4.2. Physical Properties of Cookies Prepared from Wheat and Fermented Afzelia Africana Flours Blends

The result of physical properties of cookies produced from wheat and fermented Afzelia africana flour blends is presented in Table 3. The weight of the cookies ranged from 18.20 to 19.25g which decreases with the addition of fermented Afzelia africana flour. The weight could be explained on the basis of low bulk density of fermented Afzelia africana flour stated by Igbabul et al. 9. The diameter followed a similar trend as the thickness of cookies which are not significantly different (P>0.05) from the 100% wheat flour. The diameter increased significantly from 44.50 to 46.00mm with the control sample A made from 100% wheat flour recording the highest value and decreasing with addition of 10%, 20%,30%,40% Afzelia africana flour accordingly. This could be explained on the basis of increase in hydrophilic starch granules in Afzelia africana flour leading to moisture absorption and increase in diameter of cookies 23. The increase in spread ratio could be attributed to the increased number of hydrophilic site in the dough mixture leading to increased water absorption and swelling index. The spread ratio varied from 3.30 to 3.83 and increased with the addition of Afzelia africana flour but not significantly different (P>0.05) from cookies with 100% wheat flour. Various researchers in contrast have reported increased spread ratio with usage of composite for cookies production 24, 25, 26. Cookies having higher spread ratio are considered the most desirable 27.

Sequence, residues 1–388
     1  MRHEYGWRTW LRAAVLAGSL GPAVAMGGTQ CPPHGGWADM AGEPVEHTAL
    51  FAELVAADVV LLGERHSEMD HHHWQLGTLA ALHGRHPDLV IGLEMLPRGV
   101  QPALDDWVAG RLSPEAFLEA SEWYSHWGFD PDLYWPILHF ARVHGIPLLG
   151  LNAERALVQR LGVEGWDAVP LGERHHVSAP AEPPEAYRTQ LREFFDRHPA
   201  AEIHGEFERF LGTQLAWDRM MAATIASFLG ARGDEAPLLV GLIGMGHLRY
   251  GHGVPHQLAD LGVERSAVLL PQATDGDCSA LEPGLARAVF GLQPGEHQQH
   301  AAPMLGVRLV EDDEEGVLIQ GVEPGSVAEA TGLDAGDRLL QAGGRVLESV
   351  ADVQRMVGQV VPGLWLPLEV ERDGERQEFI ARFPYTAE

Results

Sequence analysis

4.3. Mineral and Vitamin Composition of Cookies Prepared from Wheat Flour and Fermented Afzelia Africana Flour Blends.

The Mineral content of cookies prepared from wheat flour and fermented Afzelia africana flour blends is presented in the Table 4. Mineral such as iron, calcium, Zinc, potassium, carotene and vitamin C ranged from 1.67-3.00mg/100g, 15.21-116.03mg/100g, 0.55-2.98mg/100g, 55.86-388.68mg/100g, 1.54-2.08mg/100g and 0.01-0.92mg/100g respectively. The calcium iron, zinc, potassium, beta carotene and vitamin C content of composite cookies were significantly different (P<0.08) from 100% wheat cookies. According to 9 reported that Afzelia africana contain high amount of mineral and vitamin. The Increase in mineral and vitamin of cookies was due to the addition of fermented Afzelia africana flour. Potassium is an essential nutrient and has an important role in the synthesis of amino acid and protein in man 28.